Title: Manager of Technical Operations Development, Charter Communications

Broadband Background: Hartman’s experience in the communications industry started with performing preventive and corrective maintenance on electronic and RF equipment while serving eight years in the U.S. Navy. She started her cable career with Charter Communications in 2000 where she’s had several technical training as well as technical operations positions. Her current role is director of technical workforce management for Charter’s Western Division.

Your recent CT article, co-authored with Tom Gorman, deals with workforce management, mainly dispatching. How did you first get involved in this part of the cable industry?


In my role as manager of technical operations development, all technical operations personnel were my customers. Getting involved with workforce management came as a result of helping them raise the bar by which they measure themselves.

Lots of industries have mobile workforces. Does cable have special challenges in this area?

I don’t necessarily believe cable operators have any special challenges compared to other industries. If you compare our workforce to that of the delivery services such as UPS and FedEx, we have a lot of similarities. Our frontline workforce typically works alone within a designated geographic area, which communicates into another entity to report the status of the day’s work. Aligning technologies and communications are among the biggest challenges for both industries for rolling out workforce management. The longer-term challenge is keeping our thumb on the pulse of the operations to ensure it’s aligned optimally to provide our customers with world-class customer Service. Consider that customers are more demanding, competition is real, and the battle for the customer is in front of us every day. If a UPS package is late, the same contents are still in the package. If cable service is interrupted, a customer loses that moment of his/her life.

Inefficient workforce management obviously costs real dollars. What are some of its intangible costs?

The two biggest intangible costs are:

• Increased customer dissatisfaction, which contributes to customer churn. Customer churn has a direct impact on the marketing budget.
• Decreased employee morale/engagement, which contributes to employee turnover. A decrease in headcount affects overtime costs and increases the number of days until the company can fulfill customer requests, which is directly related to customer dissatisfaction.

As you can see it doesn’t take long for these intangible costs to started adding up.

Workforce management systems also cost money, particularly if you’re going to real-time ticketing. How do you sell that idea to the bean counters?

Finance directors love ROI! If you have a strong business plan, it makes it significantly easier to communicate with the bean counters of the world.

In the article, you say, "All work must go through dispatch and be on a work order." Is this a matter of changing certain habits or work patterns? (Such as the "assisting" problem?)

It’s critical that dispatch become "Command Central for Customer Fulfillment." It’s a cultural shift for technicians and technical supervisors, as well as dispatch.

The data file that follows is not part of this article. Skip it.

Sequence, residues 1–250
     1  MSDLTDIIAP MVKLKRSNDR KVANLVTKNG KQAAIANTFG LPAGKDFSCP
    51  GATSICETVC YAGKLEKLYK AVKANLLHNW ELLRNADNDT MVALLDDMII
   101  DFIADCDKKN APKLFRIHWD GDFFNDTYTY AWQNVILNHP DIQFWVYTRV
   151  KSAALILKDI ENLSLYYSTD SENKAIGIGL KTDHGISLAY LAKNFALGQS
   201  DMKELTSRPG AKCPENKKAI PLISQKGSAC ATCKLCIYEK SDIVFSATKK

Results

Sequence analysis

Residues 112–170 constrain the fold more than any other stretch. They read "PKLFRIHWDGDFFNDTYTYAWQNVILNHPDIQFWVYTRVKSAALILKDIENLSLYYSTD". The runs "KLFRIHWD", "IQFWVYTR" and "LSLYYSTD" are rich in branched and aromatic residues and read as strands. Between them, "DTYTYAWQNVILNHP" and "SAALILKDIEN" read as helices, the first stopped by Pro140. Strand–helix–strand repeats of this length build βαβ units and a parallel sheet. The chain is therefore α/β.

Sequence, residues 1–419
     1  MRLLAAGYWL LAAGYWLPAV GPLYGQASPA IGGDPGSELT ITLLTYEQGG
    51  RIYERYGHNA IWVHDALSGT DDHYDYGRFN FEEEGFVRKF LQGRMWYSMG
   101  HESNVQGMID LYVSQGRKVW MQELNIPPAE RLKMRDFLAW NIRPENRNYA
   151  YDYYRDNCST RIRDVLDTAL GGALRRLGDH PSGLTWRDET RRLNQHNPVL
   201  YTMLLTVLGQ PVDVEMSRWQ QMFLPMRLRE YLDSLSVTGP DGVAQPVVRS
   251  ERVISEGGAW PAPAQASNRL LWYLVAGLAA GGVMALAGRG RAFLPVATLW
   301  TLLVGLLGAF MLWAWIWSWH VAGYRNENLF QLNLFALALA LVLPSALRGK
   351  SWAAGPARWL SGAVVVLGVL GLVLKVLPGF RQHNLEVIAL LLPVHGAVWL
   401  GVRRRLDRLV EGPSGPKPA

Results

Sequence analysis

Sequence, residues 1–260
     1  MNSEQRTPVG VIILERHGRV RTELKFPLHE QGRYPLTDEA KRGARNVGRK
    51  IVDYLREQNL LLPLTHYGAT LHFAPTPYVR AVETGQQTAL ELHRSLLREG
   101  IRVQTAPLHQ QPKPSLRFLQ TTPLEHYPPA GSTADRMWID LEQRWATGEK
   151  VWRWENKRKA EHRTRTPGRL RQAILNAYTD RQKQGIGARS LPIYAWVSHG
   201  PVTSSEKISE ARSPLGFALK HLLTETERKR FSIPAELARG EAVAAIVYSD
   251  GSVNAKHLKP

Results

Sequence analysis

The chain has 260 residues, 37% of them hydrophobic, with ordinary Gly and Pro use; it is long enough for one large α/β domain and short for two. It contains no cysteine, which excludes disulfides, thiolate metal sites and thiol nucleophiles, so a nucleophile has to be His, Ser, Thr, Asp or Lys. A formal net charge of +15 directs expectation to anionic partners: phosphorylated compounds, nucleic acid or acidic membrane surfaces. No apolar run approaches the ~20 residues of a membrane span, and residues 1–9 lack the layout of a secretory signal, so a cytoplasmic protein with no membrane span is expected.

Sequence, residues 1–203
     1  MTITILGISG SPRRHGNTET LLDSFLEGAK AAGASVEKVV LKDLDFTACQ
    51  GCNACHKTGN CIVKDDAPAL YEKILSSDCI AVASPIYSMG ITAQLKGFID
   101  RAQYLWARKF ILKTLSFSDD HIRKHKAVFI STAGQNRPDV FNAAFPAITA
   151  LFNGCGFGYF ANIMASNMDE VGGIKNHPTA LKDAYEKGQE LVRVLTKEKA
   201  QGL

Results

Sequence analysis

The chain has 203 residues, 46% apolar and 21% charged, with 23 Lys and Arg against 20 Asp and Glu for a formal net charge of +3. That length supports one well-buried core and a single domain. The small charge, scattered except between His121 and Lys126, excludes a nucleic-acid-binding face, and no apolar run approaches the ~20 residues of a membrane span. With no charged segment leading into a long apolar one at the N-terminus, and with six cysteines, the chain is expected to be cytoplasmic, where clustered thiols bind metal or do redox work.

In the past, technicians typically worked independently and rarely communicated outside the technical community. Technical supervisors focused on working with their direct reports to ensure the workload was completed. Over time, supervisors would send work out to a tech with a "verbal" work order. Then the knowledge of what that tech is doing is lost. Supervisors, in this model, may have the biggest change, in that they are now able to coach, counsel, mentor and train their workforce, rather than doling out work. Those "soft skills" actually may be foreign to a supervisor who may have been promoted from the field. Dispatch historically has always been responsible to ensure all work orders get completed; however, they may not have been included in technician/supervisor communication process that validated that the work was in fact completed.

The article also mentions routing methodologies. Can you expand on this?

Routing methodologies are the methods by which the organization gains efficiencies. There are many routing methods; there necessarily isn’t a wrong or right method, just degrees of efficiencies to be gained. For example, you could route based on zip code, zip code plus 4, or by node – neither is wrong. Determining what method is best for your operations will require three steps:

• Analyzing what type of data you have available
• Determining how the workload would be distributed based on the potential routing method
• Most critical, overlaying your workforce to determine if the workforce has the appropriate skills and/or headcount needed to support the workload

Routing methodology can make or break a workforce management program. Take the time to do a through analysis; it will pay off in the long run.

What are some of the consequences of not running your dispatch operation as a "command and control center"? Any quick stories you can relate?

We have seen that unless all operations are in agreement with the process, it will fail. We have had situations in which dispatch tried desperately to be that command center, but they weren’t supported by the tech supervisors or managers – kind of a turf war. Once they all agreed on how to support it and each other, the success stories started pouring out, with some markets doubling their productivity without sacrificing quality.

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